Early Surge Changes Reds' Outlook
Wednesday, May 3, 2006 5:55 PM EDT
The Associated Press
By JOE KAY
CINCINNATI (AP) — Adam Dunn glanced around the clubhouse and saw seven — SEVEN! — television cameras setting up for postgame interviews. "We must be winning," he surmised.
Yes, the Cincinnati Reds are winning — more than anyone else in baseball. A two-game sweep of the St. Louis Cardinals left them with the major leagues' best record for at least one bright day in May.
Hardened fans never expected this.
A 3-2 victory over the defending NL Central champion St. Louis Cardinals left the Reds at 19-8, their most stunning start since 1990. They opened 23-7 that year and led their division wire-to-wire on their way to a World Series sweep of the Oakland Athletics.
With the league's highest-scoring offense and an overhauled pitching staff, these Reds are starting to think that a playoff run isn't so far-fetched.
"We've finally got everything together," said catcher Javier Valentin, whose ninth-inning single Tuesday vaulted the Reds over the Chicago White Sox for baseball's best record. "We're consistent. We can play with anybody."
Their offense sure can.
The Reds led the NL in homers, runs, doubles and slugging percentage last season, and are piling up runs at a prolific pace again. They averaged 5 runs per game last season, 5.9 so far this year.
No surprise there. Even with the trade that sent power hitter Wily Mo Pena to Boston for starter Bronson Arroyo, everyone knew this lineup was going to score runs. The question was whether the pitching staff could pull itself up from the bottom of the league.
So far, it has. The Reds' rotation is squarely in the middle of the pack, thanks in large part to the first major move by new general manager Wayne Krivsky. He got Arroyo from Boston on March 20, swapping some of the team's offensive surplus for what it needs most.
Arroyo is 5-0, ranks among the NL leaders with a 2.06 earned run average, and has gone eight innings in each of has last three starts — the first Reds pitcher to do so since Jose Rijo in 1994.
Finally, the Reds might have an ace.
"He brings the personality of being on a winning team," All-Star shortstop Felipe Lopez said. "He has a lot of experience in the postseason, and we're feeding off that."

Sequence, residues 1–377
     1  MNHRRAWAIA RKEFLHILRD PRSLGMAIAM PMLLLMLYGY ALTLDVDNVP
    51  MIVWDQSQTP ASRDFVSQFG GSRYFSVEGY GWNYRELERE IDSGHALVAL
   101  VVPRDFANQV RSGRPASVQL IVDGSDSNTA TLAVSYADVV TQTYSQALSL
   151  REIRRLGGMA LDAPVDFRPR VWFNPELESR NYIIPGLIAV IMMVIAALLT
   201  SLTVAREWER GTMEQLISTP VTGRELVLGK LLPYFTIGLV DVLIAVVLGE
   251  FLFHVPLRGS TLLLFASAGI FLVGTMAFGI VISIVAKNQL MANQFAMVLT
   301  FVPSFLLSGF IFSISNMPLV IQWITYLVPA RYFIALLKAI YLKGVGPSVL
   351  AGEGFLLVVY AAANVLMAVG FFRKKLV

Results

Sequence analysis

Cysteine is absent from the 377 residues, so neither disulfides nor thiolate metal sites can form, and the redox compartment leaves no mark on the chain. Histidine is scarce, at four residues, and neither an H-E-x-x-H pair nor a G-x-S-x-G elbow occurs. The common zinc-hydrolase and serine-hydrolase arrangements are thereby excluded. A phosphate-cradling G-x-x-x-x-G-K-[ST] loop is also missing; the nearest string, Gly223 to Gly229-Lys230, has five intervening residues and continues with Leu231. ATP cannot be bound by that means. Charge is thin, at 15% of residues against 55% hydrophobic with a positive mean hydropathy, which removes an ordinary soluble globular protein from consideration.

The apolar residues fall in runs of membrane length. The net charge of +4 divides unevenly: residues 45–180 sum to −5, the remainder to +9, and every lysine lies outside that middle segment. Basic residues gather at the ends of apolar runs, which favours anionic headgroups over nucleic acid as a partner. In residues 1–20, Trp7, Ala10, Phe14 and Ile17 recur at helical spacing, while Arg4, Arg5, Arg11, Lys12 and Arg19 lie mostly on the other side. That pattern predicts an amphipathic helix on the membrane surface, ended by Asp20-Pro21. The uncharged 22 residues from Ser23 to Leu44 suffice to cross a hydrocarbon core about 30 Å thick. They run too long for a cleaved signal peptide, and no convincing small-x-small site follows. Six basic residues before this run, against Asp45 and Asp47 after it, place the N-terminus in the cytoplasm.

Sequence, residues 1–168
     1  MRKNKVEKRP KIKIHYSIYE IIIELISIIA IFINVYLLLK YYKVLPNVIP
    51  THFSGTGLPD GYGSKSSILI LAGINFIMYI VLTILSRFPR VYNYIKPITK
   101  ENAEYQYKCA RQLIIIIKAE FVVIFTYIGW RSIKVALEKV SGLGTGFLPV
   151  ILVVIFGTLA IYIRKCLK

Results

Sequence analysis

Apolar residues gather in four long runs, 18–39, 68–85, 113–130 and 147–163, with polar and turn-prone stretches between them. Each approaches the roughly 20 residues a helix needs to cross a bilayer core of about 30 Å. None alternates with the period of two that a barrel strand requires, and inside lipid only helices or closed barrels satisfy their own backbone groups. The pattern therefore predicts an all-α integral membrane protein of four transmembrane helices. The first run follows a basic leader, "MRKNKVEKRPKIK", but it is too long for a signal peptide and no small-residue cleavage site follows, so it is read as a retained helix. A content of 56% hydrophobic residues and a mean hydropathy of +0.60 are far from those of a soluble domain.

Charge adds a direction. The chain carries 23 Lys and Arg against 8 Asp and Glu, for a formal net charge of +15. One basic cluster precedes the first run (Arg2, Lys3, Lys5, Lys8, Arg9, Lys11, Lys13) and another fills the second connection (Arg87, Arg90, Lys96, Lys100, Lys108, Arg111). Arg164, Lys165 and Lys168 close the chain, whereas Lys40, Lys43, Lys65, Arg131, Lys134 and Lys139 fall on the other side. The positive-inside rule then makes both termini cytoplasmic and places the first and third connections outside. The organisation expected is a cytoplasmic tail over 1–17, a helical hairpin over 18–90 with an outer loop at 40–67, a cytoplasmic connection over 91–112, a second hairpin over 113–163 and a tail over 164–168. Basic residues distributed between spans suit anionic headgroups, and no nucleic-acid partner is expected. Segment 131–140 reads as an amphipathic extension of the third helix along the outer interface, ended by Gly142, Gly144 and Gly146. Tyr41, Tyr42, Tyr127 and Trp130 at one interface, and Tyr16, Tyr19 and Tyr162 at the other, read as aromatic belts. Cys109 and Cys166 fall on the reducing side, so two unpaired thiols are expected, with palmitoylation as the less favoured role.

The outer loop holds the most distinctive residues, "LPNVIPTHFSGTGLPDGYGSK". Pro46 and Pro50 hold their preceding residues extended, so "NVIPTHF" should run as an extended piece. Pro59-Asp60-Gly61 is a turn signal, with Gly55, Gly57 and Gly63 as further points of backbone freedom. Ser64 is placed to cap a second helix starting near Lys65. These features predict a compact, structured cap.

The lanky, long-haired pitcher was initially upset by the trade, but has quickly regained his footing in the league where his career started. It's been no tougher than working his way through the AL East.
"When you face the Yankees 19 times, it's tough to pitch against them," Arroyo said. "It's mentally wearing. Just having a pitcher in the nine hole makes it less wearing."
Just like the '90 team got off to the fast start without its superstar center fielder — Eric Davis was sidelined by a sprained knee — this one is doing it without Ken Griffey Jr., disabled by an inflamed tendon behind his right knee.
Jaded fans are starting to see parallels. After five consecutive losing seasons — the team's longest such slump in 50 years — hope is beginning to return. WLW-AM radio sports show host Andy Furman was deluged with calls Tuesday night when he invited listeners to talk about the Reds.
"I didn't even get the phone number out, and every line was lit all the way through," Furman said. "Every call was upbeat, positive. People are going crazy. It's like they can't wait to grab hold of something and wrap their arms around it. Maybe it's because it's been so long. It's a great feel-good story."
The good vibes started in January, when local produce magnate Bob Castellini bought the team and promised a championship. He hired Krivsky as spring training was about to begin, and the general manager's first moves have gone wonderfully. In addition to Arroyo being unbeaten, second baseman Brandon Phillips — obtained in a trade with Cleveland — has been NL player of the week.
Krivsky has been so wrapped up in his new job that he hasn't gotten out in public much. His few ventures gave him a taste of the current climate.
"Walking home from lunch, people are saying, 'Thanks, Wayne. Way to go. Keep it up.' These are strangers on the street," he said.
Those strangers know there's still a lot of work and time ahead. Left-hander Eric Milton is sidelined by knee surgery, the bullpen has been erratic, and the offense isn't likely to maintain that torrid pace.
"It's only May," Dunn said, with some of those seven cameras rolling. "We started fast in the past. Hopefully we can finish a lot better than we have."